It was fine for small dinner parties but Thanksgiving – no thanks. Any big, complicated meal generates a lot of mess. From my seat at the table, I could see dirty dishes piled high in the sink. A clutter of pots and pans plus the turkey carcass adorned the kitchen counter. Maybe no one else noticed but I did. How could I relax and enjoy my guests with pandemonium reigning in the background? Once was enough, that was my first and only open kitchen.

Post renovation, my shiny new, red kitchen breaks down into four sections. From either side, you enter through a hallway. At one end, a pantry and a powder/laundry room flank the hall. At the other end, there is another pantry (you can’t have too much storage) and a small mudroom. As long as we all like each other, the work area is big enough to accommodate two sous-chefs and me. Since everyone likes to be in the kitchen, I have a small eating area. A handful of friends can watch the cooks while they sip, nibble and enjoy lively conversation.

However, when everything is going wrong or dinner is taking longer than planned, it’s really nice to know I can steer everyone (except maybe the sous-chefs) into the living room. Like Julia, there are times when I need the comfort of knowing, “You’re alone in the kitchen.” Even better is enjoying dinner without a pile of dirty dishes in the background.

Open or closed, I wish you happy cooking in your kitchen and bon appétit!

Fettucine with Mushrooms & Kale
I’ve been going a little nuts with pasta this winter. As long as you have the space, you can make this quick and easy dish with a handful of people looking on and chatting. Enjoy!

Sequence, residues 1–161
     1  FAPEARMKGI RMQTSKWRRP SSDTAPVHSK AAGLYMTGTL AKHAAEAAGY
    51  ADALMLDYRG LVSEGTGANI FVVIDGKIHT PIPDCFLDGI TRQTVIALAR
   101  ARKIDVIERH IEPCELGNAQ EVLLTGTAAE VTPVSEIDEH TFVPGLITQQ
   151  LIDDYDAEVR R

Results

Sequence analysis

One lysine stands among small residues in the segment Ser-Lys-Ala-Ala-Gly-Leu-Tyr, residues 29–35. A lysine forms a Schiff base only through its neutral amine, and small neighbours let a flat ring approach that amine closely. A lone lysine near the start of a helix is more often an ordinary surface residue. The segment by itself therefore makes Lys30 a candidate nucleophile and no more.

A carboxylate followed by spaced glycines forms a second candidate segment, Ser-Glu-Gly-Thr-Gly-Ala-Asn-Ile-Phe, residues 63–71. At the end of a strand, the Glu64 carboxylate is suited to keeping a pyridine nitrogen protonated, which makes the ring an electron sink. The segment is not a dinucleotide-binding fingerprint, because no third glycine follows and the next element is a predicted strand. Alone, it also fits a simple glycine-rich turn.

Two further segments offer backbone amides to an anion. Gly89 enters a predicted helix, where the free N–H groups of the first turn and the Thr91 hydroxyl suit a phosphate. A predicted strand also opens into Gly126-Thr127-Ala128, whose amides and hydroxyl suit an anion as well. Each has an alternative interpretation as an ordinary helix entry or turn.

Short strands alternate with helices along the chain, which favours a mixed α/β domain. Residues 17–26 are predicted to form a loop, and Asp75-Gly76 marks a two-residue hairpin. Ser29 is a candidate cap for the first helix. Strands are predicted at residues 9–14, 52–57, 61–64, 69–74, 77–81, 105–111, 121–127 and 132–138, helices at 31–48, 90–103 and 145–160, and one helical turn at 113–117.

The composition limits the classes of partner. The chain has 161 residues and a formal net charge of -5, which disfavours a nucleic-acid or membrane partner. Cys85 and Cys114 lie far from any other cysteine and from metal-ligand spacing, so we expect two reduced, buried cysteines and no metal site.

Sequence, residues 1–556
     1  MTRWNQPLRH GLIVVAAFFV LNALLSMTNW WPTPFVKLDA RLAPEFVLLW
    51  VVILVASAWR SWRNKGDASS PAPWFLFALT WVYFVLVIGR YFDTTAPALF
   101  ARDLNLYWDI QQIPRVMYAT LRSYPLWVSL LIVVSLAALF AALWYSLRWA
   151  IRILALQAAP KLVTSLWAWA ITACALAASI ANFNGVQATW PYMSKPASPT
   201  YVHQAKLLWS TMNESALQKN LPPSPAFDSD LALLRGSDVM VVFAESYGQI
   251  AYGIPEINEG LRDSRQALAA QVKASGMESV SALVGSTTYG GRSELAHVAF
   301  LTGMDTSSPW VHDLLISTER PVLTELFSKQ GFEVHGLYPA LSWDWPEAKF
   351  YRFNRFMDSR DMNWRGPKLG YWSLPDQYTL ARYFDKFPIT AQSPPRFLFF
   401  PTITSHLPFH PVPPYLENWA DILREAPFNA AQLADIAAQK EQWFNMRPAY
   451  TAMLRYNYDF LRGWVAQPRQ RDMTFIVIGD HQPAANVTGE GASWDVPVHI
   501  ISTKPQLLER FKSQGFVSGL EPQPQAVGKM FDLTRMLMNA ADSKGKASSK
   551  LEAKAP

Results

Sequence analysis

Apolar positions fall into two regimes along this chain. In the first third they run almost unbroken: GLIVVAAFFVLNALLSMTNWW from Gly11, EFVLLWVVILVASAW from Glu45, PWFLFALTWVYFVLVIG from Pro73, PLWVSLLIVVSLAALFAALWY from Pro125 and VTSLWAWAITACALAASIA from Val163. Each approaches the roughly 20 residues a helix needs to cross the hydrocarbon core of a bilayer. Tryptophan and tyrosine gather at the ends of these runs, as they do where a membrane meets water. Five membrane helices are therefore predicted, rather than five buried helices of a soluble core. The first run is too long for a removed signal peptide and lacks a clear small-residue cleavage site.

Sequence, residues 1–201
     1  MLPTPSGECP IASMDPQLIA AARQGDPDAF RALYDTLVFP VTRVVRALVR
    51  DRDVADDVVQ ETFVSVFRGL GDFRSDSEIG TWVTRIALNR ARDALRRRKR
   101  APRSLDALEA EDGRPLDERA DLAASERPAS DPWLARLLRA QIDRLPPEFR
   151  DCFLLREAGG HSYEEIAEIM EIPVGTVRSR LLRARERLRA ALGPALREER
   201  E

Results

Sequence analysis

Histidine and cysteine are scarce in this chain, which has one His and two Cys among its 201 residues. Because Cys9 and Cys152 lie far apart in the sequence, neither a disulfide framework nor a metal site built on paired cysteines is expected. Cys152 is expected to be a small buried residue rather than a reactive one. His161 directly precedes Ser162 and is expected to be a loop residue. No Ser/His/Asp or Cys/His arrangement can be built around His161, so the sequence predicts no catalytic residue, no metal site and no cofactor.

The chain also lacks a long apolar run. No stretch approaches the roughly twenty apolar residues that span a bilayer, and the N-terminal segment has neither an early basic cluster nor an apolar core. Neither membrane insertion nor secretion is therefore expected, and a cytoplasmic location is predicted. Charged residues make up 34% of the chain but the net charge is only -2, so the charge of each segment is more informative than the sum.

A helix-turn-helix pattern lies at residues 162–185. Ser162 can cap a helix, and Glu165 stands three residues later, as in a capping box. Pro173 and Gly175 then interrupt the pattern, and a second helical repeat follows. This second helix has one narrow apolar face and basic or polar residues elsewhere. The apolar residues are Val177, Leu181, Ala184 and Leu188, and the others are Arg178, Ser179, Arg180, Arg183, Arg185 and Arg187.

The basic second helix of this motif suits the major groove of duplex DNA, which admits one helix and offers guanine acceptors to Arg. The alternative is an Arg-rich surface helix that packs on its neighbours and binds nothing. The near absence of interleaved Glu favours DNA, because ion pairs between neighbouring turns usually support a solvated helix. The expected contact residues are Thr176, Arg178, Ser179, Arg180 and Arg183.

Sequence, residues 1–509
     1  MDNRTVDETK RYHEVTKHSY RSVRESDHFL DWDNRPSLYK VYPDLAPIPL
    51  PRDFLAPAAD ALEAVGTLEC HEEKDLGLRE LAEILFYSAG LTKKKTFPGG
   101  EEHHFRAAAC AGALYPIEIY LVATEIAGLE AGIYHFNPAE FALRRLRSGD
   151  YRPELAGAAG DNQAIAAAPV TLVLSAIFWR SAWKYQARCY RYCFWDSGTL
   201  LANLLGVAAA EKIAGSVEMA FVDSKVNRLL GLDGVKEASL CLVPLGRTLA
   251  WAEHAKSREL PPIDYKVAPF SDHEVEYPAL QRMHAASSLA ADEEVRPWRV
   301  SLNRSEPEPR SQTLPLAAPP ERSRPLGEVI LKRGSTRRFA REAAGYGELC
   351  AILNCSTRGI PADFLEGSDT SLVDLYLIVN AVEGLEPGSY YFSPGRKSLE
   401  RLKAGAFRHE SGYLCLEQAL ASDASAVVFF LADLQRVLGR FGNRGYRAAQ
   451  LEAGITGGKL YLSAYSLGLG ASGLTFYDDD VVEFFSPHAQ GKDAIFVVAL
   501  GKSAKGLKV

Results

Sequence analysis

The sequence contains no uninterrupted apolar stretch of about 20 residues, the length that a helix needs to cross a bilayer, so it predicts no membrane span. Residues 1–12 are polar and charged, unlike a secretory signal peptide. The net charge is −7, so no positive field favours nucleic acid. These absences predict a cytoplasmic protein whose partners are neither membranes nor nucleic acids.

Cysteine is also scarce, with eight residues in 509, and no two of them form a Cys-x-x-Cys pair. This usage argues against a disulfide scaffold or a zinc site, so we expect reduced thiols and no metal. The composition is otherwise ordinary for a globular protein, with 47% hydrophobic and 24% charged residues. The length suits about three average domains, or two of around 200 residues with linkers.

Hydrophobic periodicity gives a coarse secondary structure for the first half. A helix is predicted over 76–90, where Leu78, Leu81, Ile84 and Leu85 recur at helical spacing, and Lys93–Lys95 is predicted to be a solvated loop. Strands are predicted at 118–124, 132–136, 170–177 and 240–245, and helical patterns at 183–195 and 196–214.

Serves 8

Olive oil
12-16 ounces thick cut bacon, chopped
1 teaspoon dried thyme
Pinch (or to taste) chili flakes and/or smoked paprika
Kosher salt and freshly ground pepper to taste
1 onion, cut in thin wedges
3 cloves garlic, minced
1 1/2 pounds mushrooms, trimmed and cut in bitesize pieces
1/2 cup chicken broth
1/4 cup dry white wine
2 tablespoons cognac
1/2 cup heavy cream (optional)
16-20 ounces fettucine
1 pound baby kale
1 cup (about 3 1/2 ounces) grated Parmigiano-Reggiano cheese plus more for serving

Put a large pot of salted water on to a boil. Cook the fettucine according to package directions less 1-2 minutes.

Meanwhile, lightly coat a large skillet with olive oil and heat over medium. Add the bacon and stirring occasionally, cook for 2-3 minutes.

Add the onion, sprinkle with thyme, chili flakes and smoked paprika, season with salt and pepper and sauté for about 2 minutes.

Add the mushrooms and sauté until lightly browned.

Add the garlic and cook 2 minutes more.

Add the chicken broth and wine and cook until reduced by half. Remove from the heat and stir in the cream and cognac.

Reserving a little of the pasta water, drain the fettucine. Return the fettucine to the pot, add the mushroom mixture and kale and toss to combine. If the pasta seems dry, add some pasta water. Cover and cook on low for 1-2 minute. Sprinkle with about 3/4 cup grated Parmigiano-Reggiano and toss to combine. Cover and cook 1 more minute.

Transfer the pasta to a serving platter or individual plates, sprinkle with the remaining 1/4 cup Parmigiano-Reggiano and serve. Pass more grated parm for the cheese lovers.

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One Year Ago – Spaghetti with Cauliflower & Olives
Two Years Ago – Flourless Chocolate Cake
Three Years Ago – Lemon Roasted Chicken Thighs
Four Years Ago – Panna Cotta with Strawberries
Five Years Ago – Decadent Mac & Cheese
Six Years Ago – Seared Scallops with Roasted Pepper Sauce
Seven Years Ago – Creole Shrimp & Cheesy Grits
Eight Years Ago – White Bean Dip
Nine Years Ago – Warm Chocolate Pudding

Or Click Here! for a complete list of and links to all the recipes on this blog!

Open or closed? What is your idea of the perfect kitchen? Feel free to share!

Want more? I’ve got links to lots more to read, see & cook. © Susan W. Nye, 2018